The wonderful thing about museum exhibits is the display of pieces in various collections that enable visitors to make connections across genres and periods as they wander through the galleries. Curious viewers will always find a sense of surprise and wonder in the existence of connections that span time and place; the evidence, whether visual , aural, literary, historical, or contemporary, is there for us to piece together, the comparisons there for us to ponder. Of this experience, the museum is a microcosm. I had the pleasure of experiencing this as I explored spaces deep within the museum. In a section distant from Agha’s installation, a small vitrine set among a costume exhibition held delicate examples of black lace trim, contrasting a handmade design with two machine made pieces. These pieces distinctly recalled Agha’s works, “Walking Amongst the Blooms – 2”, which features a dark band of a lace-like pattern set in contrast against a larger, muted design that recalled a faded light linen cloth, and “Be Still My Heart”, a mixed media piece with laser cut mylar, embroidery, and encaustic consisting of four dark bands of repetitive pattern. In a different wing of the museum, the “Mihrab (Prayer Niche) from Iran or Central Asia” and the “Period Room from Damascus”, one can get a glimpse of the physicality and visual impact of the tile patterning that Agha references in her small works and installation. Now that “All the Flowers Are for Me (Red)” will remain a part of the museum’s collection, museum patrons can look forward to making their own connections and comparisons during future exhibits of the work.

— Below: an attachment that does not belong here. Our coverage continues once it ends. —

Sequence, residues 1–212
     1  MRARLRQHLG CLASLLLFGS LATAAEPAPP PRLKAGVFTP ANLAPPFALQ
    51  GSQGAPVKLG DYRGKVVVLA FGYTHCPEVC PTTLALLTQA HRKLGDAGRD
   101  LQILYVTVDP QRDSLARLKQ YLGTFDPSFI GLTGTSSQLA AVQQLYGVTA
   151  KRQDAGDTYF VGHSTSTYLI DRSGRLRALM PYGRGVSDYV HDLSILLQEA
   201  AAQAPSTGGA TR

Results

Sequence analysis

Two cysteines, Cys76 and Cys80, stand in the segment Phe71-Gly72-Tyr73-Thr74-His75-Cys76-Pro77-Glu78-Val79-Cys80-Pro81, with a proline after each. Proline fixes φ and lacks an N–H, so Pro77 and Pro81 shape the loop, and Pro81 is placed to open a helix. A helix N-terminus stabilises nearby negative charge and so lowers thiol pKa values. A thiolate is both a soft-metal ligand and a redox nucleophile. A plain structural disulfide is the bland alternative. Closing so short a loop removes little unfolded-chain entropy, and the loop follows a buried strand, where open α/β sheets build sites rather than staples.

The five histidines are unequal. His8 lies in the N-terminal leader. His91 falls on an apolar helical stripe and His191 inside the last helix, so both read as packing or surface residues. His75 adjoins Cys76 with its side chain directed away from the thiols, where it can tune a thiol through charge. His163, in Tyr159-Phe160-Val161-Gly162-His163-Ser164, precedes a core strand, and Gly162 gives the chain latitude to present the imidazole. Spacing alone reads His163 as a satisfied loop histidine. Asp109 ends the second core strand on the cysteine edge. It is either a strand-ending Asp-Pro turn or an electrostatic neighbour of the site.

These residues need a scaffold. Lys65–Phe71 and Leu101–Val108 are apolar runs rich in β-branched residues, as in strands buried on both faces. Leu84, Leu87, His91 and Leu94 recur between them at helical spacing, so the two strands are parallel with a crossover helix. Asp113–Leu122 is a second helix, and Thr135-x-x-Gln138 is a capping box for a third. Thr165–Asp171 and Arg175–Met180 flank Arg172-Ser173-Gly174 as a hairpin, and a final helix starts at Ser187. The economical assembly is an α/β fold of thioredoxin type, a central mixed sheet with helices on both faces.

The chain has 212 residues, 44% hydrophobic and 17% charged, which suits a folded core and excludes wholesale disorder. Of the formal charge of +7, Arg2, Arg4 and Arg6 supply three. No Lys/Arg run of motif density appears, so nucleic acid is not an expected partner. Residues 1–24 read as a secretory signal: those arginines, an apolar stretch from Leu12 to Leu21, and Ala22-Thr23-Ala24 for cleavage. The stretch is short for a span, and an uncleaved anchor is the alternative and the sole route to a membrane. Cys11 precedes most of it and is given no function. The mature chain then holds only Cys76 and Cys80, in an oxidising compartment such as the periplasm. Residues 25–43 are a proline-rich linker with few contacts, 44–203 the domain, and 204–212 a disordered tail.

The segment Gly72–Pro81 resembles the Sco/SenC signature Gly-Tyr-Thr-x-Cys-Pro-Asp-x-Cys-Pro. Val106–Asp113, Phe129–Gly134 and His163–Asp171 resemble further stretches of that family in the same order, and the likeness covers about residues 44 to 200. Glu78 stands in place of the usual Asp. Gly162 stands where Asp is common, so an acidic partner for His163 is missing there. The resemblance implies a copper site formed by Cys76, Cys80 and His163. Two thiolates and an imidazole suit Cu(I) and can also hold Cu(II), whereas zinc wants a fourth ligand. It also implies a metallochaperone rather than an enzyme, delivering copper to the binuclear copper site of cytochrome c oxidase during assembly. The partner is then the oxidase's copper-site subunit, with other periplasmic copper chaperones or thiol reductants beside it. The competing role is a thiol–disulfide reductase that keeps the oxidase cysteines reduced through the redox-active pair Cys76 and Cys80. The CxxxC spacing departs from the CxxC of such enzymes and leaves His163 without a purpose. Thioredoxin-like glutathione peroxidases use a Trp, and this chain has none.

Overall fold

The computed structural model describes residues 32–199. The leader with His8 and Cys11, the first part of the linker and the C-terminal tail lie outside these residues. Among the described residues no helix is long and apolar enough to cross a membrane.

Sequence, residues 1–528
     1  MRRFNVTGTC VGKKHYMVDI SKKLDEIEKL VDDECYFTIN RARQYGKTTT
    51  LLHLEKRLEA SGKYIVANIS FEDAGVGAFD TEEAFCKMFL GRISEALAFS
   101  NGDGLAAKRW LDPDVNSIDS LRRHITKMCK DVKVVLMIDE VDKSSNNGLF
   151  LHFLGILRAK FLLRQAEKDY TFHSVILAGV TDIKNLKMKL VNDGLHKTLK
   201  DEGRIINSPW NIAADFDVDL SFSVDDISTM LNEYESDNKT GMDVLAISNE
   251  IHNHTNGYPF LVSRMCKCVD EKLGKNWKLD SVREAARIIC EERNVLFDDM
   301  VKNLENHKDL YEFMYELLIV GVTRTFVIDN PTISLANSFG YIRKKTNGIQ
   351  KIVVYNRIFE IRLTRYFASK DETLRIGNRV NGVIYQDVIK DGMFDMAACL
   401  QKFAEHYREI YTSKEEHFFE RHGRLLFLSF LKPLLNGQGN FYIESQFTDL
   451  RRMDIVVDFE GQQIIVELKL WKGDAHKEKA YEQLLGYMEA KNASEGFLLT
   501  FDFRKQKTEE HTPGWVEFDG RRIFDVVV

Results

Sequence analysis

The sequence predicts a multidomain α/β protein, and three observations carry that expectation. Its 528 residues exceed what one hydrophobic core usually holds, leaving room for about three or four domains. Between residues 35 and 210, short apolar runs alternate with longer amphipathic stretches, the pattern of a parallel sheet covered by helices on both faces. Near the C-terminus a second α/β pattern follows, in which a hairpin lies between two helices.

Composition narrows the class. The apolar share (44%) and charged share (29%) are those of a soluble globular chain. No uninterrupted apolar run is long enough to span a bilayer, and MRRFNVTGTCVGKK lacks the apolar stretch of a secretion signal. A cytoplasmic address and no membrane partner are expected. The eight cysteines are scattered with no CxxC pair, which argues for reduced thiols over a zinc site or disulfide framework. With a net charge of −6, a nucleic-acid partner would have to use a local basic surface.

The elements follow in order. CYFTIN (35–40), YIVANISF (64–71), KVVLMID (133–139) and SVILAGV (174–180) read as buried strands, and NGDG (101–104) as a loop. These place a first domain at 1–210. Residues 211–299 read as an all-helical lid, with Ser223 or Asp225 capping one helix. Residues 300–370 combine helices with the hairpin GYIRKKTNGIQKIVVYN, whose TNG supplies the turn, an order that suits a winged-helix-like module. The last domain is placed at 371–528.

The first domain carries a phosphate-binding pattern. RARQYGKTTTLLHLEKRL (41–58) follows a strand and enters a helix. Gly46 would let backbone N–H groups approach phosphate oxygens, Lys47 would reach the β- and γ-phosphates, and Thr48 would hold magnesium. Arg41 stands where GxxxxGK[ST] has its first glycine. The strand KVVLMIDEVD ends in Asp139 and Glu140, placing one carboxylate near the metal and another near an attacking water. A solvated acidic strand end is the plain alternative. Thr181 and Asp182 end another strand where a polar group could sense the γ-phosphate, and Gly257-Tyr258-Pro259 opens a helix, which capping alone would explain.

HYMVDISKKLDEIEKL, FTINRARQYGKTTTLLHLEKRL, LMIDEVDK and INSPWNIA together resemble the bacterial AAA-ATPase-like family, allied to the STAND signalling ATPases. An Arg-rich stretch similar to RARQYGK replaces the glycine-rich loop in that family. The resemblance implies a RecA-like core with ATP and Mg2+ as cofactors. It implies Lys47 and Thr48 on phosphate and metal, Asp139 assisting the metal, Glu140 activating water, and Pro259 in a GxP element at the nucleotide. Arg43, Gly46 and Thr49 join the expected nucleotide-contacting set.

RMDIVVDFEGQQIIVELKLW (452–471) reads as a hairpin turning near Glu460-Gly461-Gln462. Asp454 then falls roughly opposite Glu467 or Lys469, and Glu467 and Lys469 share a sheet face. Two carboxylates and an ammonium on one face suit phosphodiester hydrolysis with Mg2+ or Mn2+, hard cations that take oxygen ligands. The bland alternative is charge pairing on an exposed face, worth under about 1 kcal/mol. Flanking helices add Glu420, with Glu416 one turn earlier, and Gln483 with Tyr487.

Susan Byrnes is a visual artist whose work encompasses traditional and contemporary forms and practices, including sculpture, multimedia installation, radio broadcasts, writing, and curatorial projects. She earned an MFA from Eastern Michigan University and a BFA from Syracuse University. She currently resides in Cincinnati, OH.